Saint Josaphat, a bishop of the Eastern Rite, is commemorated as a martyr for ecclesiastical unity, having lost his life striving to reconcile a segment of the Orthodox Church with the Roman Catholic Church.

The Great Schism of 1054, marking the division between the Eastern Church in Constantinople and the Western Church in Rome, stemmed from longstanding cultural, political, and theological discord. A significant episode in this schism was the excommunication of the patriarch of Constantinople by Cardinal Humbert in 1054, amid controversies over liturgical practices, clerical marriage, and the Filioque clause regarding the Holy Spirit’s procession.

Centuries later, in what is now Belarus and Ukraine, then under the Polish-Lithuanian Commonwealth, a decision was made at the Synod of Brest in 1595-96 by the Orthodox metropolitan of Kiev and other bishops to bring their flock into communion with Rome. Josaphat Kunsevich, who would later become a central figure in this movement, was a young boy at the time.

Josaphat’s early life was marked by a turn from business and a potential marriage to religious devotion. Entering the Holy Trinity monastery in Vilna in 1604, he found kindred spirits in two Jesuits, a rector, and Joseph Benjamin Rutsky, who shared his zeal for reunification with Rome. Together, they laid plans for ecclesiastical communion and monastic reform.

The paths of Josaphat and Rutsky diverged as they pursued their vocations, with Josaphat founding new monastic houses and Rutsky becoming the metropolitan of Kiev. Josaphat’s ascetic reform efforts were met with resistance, yet his persuasive and compassionate approach eventually brought about change.

As bishop first of Vitebsk and then Polotsk starting in 1617, Josaphat faced a dilapidated church infrastructure, moral laxity among the clergy, and general disinterest in pastoral duties. He addressed these challenges by convening synods, instituting a catechism, and enforcing clergy conduct, all while exemplifying the virtues he preached.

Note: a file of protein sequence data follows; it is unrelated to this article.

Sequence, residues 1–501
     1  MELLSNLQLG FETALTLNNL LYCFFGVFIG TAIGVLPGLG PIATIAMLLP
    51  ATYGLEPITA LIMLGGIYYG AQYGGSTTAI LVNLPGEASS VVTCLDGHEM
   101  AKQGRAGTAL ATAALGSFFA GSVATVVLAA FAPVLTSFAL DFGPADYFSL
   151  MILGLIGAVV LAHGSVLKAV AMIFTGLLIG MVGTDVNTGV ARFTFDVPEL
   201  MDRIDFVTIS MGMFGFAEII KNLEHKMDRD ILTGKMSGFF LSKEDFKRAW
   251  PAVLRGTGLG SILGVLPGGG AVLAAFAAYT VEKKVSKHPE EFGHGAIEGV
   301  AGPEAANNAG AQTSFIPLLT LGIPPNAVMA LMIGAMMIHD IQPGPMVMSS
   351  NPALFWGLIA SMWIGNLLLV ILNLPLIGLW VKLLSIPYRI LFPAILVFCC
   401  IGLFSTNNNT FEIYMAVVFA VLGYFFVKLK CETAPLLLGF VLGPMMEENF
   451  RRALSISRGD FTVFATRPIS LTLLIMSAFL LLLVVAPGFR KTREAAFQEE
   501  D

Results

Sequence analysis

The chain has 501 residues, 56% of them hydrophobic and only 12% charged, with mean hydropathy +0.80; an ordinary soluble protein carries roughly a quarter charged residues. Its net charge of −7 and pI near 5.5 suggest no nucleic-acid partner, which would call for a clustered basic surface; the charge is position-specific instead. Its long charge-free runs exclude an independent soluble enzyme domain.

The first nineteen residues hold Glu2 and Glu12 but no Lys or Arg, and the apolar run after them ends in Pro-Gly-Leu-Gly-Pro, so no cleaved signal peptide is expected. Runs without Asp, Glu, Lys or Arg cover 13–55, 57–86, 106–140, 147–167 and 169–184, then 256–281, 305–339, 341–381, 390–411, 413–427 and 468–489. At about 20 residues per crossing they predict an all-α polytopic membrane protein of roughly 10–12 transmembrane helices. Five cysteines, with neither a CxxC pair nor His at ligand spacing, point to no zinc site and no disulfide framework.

Despite Josaphat’s efforts, Orthodox separatists established rival bishops, leading to civil unrest and division. The King of Poland’s support for Josaphat as the legitimate archbishop sparked riots and dissent. Even Catholics, who should have been allies due to Josaphat’s commitment to the Byzantine rite, opposed him.

In October 1623, aware of the dangers he faced, Josaphat returned to Vitebsk to attempt peacemaking. His nonviolent stance and determination to die for the Church’s unity if necessary were manifest. However, a confrontation ensued when separatists seized an opportunity to provoke violence, and Josaphat was murdered by a mob, his body desecrated and cast into a river.

In the aftermath, the Jewish community of Vitebsk bravely defended Josaphat’s followers and openly decried the violence, while Catholics hid in fear. The brutal killing eventually swayed public opinion towards unity, and even Josaphat’s adversary, Archbishop Meletius Smotritsky, reconciled with Rome. In 1867, Josaphat was canonized, becoming the first saint from the Eastern Church to be formally recognized by Rome.

Photo credit: Misko3 via Wikimedia Commons

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